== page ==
Why Structural Firefighters Need Wildland PPE (Personal Protective Equipment) Too
Everyday firefighters selflessly work in varied and complex environments that increase their risk of injury and death. Each year the National Fire Protection Association (NFPA) releases studies conducted for the previous year to aid in prevention of firefighter loss of life. They meticulously report on firefighter deaths and injuries to provide national statistics on their frequency, extent, and characteristics. Earlier this year, the NFPA reported that there were 69 firefighter fatalities and 62,085 firefighter injuries while on duty in 2016. Of the 69 firefighters who died while on duty in 2016, 39 were volunteer firefighters, 19 were career firefighters, and eight were employees of federal land management agencies. An important part of the yearly study centers around developing a better understanding of how these fatalities and nonfatal injuries can assist in identifying corrective actions which could help minimize the inherent risks of firefighter work. One method of data collection utilized by the NFPA is reviewing standardized incident forms. These documents are sent to the fire departments involved in an incident requesting information on the type of protective equipment worn, the ages and ranks of the firefighters injured, and a description of circumstances that led to injury. A recurring reason cited within the data as one of the factors leading to injury or death was the incorrect use of or absence of personal protective equipment (PPE) worn by the firefighter. PPE designed for the correct task and firefighting ground offers the crew member the ability to perform the job while reducing the risk of injury or loss of life.
Structural Firefighters Are Helping Wildland Firefighters Suppress Large Wildfires More Frequently
As wildland fires become more prevalent in areas throughout the United States, structural fire departments need to ensure that they’re equipped for this type of fire before it is encountered. During the recent ‘mega fires’ in California, firefighters from all over the country were directed to assist with the fire. As experts predict these massive wildland fires will be the new norm, structural firefighters must educate themselves as to how to fight them. The NFPA Standard 1977: Standard on Protective Clothing and Equipment for Wildland Fire Fighting, addresses firefighters’ proper use of PPE during wildland firefighting operations. The NFPA 1977 may highlight what many departments not familiar with wildland fire have realized. The departments lacked the necessary wildland fire apparatuses, equipment, or even a checklist as to what was required to effectively fight wildland fires. In fact, many departments didn’t even consider adding wildland fire equipment to their fire budget until a fire broke out in their district.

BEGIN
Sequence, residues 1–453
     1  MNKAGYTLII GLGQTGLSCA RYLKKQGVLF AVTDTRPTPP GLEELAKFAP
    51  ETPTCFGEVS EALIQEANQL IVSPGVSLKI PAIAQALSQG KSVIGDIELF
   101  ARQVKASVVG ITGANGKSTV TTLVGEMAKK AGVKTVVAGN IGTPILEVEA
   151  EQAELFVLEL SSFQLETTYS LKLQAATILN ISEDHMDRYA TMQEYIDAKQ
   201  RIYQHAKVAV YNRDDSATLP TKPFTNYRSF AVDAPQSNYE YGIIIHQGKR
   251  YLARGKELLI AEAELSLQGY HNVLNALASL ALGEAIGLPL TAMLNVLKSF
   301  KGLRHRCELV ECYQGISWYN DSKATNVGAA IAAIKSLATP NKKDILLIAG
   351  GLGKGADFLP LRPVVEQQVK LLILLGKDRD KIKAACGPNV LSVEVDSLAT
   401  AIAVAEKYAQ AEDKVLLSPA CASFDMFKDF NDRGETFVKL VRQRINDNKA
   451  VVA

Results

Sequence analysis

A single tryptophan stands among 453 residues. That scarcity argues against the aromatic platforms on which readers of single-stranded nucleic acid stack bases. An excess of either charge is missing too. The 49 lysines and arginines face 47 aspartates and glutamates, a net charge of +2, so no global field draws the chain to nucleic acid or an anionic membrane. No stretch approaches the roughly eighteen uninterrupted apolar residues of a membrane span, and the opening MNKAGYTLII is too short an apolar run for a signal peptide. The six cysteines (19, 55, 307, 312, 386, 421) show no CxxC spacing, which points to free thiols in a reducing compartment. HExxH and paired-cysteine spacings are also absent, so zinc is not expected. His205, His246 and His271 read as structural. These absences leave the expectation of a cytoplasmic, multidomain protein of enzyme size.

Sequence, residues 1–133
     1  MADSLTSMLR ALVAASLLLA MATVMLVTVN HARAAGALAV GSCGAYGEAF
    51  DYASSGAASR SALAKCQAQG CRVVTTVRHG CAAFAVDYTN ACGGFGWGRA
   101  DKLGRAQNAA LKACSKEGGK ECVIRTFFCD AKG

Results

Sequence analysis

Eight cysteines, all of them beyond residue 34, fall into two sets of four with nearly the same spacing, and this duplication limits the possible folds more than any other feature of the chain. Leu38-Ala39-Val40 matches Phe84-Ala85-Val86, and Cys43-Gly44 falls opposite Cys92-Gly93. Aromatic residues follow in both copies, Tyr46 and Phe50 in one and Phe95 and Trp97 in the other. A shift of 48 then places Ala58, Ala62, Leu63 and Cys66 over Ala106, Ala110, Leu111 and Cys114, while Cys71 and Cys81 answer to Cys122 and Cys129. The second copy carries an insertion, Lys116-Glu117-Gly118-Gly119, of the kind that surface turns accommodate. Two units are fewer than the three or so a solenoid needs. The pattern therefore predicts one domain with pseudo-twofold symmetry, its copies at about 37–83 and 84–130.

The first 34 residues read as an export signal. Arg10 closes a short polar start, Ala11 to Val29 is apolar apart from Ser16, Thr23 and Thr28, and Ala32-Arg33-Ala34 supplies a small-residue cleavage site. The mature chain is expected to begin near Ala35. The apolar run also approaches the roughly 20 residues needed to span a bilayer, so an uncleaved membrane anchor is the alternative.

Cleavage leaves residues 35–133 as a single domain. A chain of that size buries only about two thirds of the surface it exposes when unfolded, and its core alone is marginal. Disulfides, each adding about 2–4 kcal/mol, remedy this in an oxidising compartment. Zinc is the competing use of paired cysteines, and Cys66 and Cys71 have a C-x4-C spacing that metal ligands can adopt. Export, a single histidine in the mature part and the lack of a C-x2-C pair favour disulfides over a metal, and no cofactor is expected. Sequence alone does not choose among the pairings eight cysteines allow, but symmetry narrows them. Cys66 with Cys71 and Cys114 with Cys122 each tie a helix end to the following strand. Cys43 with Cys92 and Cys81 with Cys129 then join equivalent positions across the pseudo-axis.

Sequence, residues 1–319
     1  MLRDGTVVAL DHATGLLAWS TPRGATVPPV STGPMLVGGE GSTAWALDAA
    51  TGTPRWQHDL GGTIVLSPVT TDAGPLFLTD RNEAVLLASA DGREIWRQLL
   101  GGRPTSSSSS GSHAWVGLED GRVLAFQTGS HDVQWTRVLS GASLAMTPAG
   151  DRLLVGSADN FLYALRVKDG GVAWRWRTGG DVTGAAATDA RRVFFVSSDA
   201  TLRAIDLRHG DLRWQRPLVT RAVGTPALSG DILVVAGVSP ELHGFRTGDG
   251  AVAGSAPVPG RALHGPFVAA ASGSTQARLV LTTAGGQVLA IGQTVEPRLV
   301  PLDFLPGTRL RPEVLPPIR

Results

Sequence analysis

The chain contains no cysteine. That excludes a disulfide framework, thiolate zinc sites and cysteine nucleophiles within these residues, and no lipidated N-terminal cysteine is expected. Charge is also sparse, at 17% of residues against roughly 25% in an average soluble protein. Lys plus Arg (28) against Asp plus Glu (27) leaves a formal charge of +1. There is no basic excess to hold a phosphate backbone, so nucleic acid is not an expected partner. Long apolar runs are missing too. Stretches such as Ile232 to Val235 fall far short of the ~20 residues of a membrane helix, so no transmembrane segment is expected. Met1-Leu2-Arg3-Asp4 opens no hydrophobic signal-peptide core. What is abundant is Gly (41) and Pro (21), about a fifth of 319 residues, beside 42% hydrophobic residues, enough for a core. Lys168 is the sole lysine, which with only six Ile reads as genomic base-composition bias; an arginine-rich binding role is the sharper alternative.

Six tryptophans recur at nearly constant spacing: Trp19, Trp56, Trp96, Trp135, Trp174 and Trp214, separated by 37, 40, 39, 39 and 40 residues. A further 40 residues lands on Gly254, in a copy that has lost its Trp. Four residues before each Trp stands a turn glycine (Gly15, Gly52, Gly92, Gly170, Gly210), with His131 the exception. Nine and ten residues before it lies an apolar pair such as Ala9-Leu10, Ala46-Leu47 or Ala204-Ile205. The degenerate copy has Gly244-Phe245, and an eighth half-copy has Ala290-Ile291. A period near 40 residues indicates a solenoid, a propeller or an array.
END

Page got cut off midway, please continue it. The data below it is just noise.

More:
Types of PPE That Should Be Used in Wildland Firefighting
A fundamental difference in the two types of fires, wildland and structure, can be seen in even something as simple as PPE. Structural firefighting PPE is designed to protect the firefighter from immense heat generated from fires burning within enclosed areas, as well as protect them from threats of falling man made objects and structures. In wildland firefighting operations, the firefighter must have more mobility as they are required to spend long hours on their feet in open fields or forests under hot weather conditions and must be agile enough to fend off fires that quickly change directions due to strong winds. Structure firefighting turnouts would prove disastrous and unusable in wildland firefighting situations for these reasons. Below are some essential items described in the NFPA 1977 that will help to protect the firefighter and ultimately the community from a wildland fire threat.